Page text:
For some time now, in addition to my jewellery work, I have wanted to redesign some of the jewellery 'tools of the trade' to remove our reliance on electrical energy. Inspired by vintage treadle machinery I hope to design simple, multi-purpose, human-powered items of equipment that jewellers at the start of their career typically struggle to afford. Much like the Precious Plastic movement, I want to make the plans open-source so jewellers around the world can build their own treadle polishers, treadle lathes, treadle anything! An idea that is as good for the planet as it is for your thigh muscles. (I’m very much looking for clever people to collaborate on this so if this sounds like you – get in touch!)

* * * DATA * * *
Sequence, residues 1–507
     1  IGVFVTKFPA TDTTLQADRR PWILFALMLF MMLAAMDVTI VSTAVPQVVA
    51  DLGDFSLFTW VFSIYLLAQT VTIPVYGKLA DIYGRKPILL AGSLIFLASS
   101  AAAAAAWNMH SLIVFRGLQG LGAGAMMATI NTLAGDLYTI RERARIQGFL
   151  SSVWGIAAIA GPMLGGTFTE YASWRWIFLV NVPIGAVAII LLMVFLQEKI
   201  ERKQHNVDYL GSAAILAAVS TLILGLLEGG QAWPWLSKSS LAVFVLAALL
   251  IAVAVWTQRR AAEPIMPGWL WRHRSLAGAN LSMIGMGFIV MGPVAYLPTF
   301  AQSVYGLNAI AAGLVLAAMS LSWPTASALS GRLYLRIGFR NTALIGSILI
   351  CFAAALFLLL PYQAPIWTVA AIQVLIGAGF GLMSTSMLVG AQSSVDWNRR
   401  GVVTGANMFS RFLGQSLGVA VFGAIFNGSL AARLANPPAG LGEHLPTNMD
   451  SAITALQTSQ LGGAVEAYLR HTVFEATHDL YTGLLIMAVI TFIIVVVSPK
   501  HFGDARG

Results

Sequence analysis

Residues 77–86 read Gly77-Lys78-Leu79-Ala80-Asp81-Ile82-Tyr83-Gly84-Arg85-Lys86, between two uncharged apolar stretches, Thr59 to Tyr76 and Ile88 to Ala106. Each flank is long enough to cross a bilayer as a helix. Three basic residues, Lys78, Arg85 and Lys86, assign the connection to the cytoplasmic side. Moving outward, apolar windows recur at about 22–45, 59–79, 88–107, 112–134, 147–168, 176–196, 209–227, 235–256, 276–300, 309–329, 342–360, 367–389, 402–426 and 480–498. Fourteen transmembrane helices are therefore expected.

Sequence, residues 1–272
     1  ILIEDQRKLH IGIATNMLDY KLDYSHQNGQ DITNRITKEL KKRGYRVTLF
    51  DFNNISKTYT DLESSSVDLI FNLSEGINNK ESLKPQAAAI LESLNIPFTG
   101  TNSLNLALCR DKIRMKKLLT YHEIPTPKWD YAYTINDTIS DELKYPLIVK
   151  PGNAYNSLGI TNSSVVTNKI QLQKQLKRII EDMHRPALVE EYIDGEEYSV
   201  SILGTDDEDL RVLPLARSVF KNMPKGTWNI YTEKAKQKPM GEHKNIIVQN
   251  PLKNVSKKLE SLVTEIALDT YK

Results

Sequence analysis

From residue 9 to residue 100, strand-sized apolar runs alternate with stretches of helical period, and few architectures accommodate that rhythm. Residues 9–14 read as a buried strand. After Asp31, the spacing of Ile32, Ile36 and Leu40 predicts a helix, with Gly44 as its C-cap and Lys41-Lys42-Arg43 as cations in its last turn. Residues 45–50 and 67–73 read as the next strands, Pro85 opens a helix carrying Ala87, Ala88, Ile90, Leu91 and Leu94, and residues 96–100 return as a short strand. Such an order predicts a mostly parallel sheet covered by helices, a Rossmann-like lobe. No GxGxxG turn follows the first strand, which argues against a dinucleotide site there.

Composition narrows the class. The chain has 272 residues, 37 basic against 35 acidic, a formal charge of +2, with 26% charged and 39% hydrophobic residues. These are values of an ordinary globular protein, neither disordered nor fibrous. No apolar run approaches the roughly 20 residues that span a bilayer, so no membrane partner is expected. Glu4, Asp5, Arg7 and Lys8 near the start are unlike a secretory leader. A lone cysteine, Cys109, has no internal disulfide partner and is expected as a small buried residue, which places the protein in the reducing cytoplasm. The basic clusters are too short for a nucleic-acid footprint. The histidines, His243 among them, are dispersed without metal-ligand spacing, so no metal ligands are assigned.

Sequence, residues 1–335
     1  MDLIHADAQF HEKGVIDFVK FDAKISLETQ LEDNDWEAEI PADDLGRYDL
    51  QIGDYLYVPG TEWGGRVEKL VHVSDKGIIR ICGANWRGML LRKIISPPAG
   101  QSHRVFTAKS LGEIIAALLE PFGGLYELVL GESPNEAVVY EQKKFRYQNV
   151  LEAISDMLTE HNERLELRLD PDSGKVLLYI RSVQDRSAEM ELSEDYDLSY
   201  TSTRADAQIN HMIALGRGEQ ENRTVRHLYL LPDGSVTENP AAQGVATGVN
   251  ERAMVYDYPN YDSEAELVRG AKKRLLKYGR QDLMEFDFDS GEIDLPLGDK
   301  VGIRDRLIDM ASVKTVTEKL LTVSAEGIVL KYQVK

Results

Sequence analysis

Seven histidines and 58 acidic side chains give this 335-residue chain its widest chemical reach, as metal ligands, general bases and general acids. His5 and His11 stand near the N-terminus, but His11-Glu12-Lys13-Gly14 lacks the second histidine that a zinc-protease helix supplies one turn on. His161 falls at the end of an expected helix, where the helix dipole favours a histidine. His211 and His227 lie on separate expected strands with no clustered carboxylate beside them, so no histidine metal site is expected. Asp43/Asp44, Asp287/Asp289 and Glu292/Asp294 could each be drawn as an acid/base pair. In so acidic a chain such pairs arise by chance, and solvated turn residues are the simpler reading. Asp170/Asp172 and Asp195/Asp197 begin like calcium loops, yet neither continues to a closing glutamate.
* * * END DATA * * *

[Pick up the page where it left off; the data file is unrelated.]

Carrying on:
Although I knew I would be unable to progress this part of my project while on the island, I still wanted to be able to generate some of my own electrical power using my bicycle. After initially considering a self-build dynamo/generator my research led me to a recent US startup called Pedalcell. Their clever contraption clipped to my bike generated electricity as I cycled around Eigg delivering power to two USB-c ports. It's a brilliant update on the old rim dynamos that were often used to power bike lights.